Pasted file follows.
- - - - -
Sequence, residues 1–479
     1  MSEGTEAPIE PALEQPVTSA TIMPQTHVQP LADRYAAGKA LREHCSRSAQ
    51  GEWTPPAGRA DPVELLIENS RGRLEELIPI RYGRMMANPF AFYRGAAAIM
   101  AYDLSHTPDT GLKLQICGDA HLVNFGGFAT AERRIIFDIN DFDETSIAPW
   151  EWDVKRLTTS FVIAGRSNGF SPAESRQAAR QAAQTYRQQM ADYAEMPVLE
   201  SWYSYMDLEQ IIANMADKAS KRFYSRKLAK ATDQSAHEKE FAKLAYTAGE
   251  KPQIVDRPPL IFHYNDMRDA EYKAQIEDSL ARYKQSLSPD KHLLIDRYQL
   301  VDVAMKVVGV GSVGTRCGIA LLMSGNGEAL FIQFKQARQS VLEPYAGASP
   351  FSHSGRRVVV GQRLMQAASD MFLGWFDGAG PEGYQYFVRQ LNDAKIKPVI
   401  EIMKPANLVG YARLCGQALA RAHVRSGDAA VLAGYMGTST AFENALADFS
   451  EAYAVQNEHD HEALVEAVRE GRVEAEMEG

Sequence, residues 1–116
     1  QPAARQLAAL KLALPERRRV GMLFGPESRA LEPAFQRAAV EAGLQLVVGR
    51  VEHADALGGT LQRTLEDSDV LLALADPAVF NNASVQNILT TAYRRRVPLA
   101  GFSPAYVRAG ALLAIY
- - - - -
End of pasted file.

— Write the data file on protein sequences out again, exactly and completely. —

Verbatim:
Sequence, residues 1–479
     1  MSEGTEAPIE PALEQPVTSA TIMPQTHVQP LADRYAAGKA LREHCSRSAQ
    51  GEWTPPAGRA DPVELLIENS RGRLEELIPI RYGRMMANPF AFYRGAAAIM
   101  AYDLSHTPDT GLKLQICGDA HLVNFGGFAT AERRIIFDIN DFDETSIAPW
   151  EWDVKRLTTS FVIAGRSNGF SPAESRQAAR QAAQTYRQQM ADYAEMPVLE
   201  SWYSYMDLEQ IIANMADKAS KRFYSRKLAK ATDQSAHEKE FAKLAYTAGE
   251  KPQIVDRPPL IFHYNDMRDA EYKAQIEDSL ARYKQSLSPD KHLLIDRYQL
   301  VDVAMKVVGV GSVGTRCGIA LLMSGNGEAL FIQFKQARQS VLEPYAGASP
   351  FSHSGRRVVV GQRLMQAASD MFLGWFDGAG PEGYQYFVRQ LNDAKIKPVI
   401  EIMKPANLVG YARLCGQALA RAHVRSGDAA VLAGYMGTST AFENALADFS
   451  EAYAVQNEHD HEALVEAVRE GRVEAEMEG

Sequence, residues 1–116
     1  QPAARQLAAL KLALPERRRV GMLFGPESRA LEPAFQRAAV EAGLQLVVGR
    51  VEHADALGGT LQRTLEDSDV LLALADPAVF NNASVQNILT TAYRRRVPLA
   101  GFSPAYVRAG ALLAIY